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Member since: Fri Apr 4, 2014, 04:21 PM
Number of posts: 16,104

Journal Archives

CNN: Trees planted where our cameras caught Trump golfing

Source: The Hill, by Mallory Shelbourne

A CNN host said in a Saturday broadcast that trees have been placed where the network’s cameras once filmed President Trump playing golf at his Florida club.

“Yet today, CNN news cameras did not get any video of President Trump playing golf. And here’s why: where CNN cameras were once positioned, trees appear,” CNN host Ana Cabrera said during a newscast. “Yes, new trees are being planted there.”

The network charged a white truck appeared to have deliberately blocked their camera's view at the club earlier in the week. The Secret Service and the local sheriff's office denied use of the truck to hide Trump's golfing.

Trump has publicly feuded with CNN during the first year of his presidency, often denouncing the network as "fake news."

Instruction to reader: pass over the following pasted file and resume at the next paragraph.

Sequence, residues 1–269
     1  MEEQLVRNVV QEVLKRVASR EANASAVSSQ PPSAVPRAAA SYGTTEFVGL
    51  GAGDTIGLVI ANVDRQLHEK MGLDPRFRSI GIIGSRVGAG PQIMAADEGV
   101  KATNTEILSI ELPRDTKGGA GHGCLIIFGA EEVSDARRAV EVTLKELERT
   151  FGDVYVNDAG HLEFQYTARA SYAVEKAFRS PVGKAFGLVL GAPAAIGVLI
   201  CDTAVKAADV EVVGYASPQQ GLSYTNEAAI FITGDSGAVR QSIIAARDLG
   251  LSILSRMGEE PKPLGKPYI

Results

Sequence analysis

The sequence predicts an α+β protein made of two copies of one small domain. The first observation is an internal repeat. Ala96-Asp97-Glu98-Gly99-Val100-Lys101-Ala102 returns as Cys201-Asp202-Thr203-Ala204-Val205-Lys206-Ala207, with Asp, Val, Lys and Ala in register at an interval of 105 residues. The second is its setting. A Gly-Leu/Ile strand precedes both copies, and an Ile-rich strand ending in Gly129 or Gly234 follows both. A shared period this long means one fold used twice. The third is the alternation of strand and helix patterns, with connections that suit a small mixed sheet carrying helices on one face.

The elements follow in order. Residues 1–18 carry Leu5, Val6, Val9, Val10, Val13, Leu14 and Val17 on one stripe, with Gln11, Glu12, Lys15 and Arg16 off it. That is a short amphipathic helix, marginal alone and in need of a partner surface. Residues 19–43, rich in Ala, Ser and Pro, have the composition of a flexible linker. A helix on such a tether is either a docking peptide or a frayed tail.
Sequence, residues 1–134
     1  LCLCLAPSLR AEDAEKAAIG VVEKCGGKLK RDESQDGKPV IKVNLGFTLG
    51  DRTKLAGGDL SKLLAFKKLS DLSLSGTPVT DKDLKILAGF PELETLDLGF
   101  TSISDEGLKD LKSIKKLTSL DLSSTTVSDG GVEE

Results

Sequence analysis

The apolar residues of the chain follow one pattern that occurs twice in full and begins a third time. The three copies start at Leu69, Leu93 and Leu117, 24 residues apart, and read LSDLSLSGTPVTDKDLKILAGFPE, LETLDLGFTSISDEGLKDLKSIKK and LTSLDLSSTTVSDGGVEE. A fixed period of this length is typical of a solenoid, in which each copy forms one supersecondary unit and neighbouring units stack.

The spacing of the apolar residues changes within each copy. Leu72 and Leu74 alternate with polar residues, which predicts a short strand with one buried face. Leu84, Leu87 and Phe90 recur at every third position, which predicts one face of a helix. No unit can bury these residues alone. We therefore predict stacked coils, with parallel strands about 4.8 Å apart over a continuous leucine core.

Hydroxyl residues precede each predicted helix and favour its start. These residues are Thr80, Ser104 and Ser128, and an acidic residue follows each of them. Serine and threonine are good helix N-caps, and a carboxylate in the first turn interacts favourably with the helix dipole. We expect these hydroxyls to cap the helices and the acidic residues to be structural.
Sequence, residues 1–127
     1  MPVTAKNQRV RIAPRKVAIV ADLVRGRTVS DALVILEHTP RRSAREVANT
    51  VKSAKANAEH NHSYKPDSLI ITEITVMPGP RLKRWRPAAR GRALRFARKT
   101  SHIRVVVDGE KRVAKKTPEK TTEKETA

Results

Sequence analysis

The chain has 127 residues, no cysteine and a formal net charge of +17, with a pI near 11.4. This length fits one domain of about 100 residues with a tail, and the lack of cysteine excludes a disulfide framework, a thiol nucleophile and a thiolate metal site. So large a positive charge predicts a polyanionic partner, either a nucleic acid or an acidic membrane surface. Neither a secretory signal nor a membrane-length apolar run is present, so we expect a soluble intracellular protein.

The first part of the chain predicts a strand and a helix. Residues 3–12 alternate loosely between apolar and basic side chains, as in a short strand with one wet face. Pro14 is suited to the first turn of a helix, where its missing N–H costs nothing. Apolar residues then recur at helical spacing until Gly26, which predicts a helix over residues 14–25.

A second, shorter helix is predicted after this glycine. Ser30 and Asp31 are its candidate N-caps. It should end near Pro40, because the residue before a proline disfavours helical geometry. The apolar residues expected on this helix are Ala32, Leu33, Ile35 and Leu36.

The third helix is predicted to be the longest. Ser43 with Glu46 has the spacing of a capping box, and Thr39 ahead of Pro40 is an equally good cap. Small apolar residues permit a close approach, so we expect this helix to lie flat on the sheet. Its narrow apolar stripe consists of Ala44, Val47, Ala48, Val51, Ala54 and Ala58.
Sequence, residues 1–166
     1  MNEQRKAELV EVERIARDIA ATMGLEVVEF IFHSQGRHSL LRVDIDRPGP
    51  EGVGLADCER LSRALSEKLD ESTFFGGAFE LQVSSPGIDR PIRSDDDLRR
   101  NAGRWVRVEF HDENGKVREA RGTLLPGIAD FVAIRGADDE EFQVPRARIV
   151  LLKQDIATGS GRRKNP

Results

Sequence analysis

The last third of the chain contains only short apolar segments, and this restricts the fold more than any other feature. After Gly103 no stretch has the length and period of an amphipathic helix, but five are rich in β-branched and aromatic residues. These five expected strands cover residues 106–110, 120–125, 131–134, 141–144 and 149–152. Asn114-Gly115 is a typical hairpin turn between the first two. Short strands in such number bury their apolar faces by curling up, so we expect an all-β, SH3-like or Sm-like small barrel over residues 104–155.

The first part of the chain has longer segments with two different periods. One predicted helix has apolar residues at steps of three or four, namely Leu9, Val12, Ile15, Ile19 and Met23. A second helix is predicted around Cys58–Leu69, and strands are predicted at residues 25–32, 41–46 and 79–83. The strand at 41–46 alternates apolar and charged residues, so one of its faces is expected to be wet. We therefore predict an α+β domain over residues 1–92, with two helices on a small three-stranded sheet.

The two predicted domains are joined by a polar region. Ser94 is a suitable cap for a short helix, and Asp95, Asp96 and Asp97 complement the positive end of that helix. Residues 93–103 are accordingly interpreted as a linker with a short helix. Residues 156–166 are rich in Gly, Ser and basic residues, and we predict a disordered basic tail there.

Trump has spent the holidays in Palm Beach, Fla., at his Mar-a-Lago resort, which he has dubbed the "winter White House.”

The president traveled to his Florida golf course on Sunday for the sixth day in a row.


"Making America grate again!"

'Old Man' Brady is lookin' pretty hot in sub-freezing New England!

He's makin' old fahts "Baston Proud" today!

Do you think it's too cold to check how firm his balls are today?

'Alabama' and SEC domination.

Monday, Alabama returns for the rubber match against Clemson.

Alabama's 2017 program was designed and dedicated to winning THIS ONE GAME!

Instead of running out of gas in the last quarter of the last game, two things are now in Alabama's favor to beat Clemson.

No. 1 - They are deeper in the roster on defense and have good players alternating in and out all game long!

No. 2 - This isn't the last game! This is the first game after a long, relaxing, needed break! January 1, their tank is full!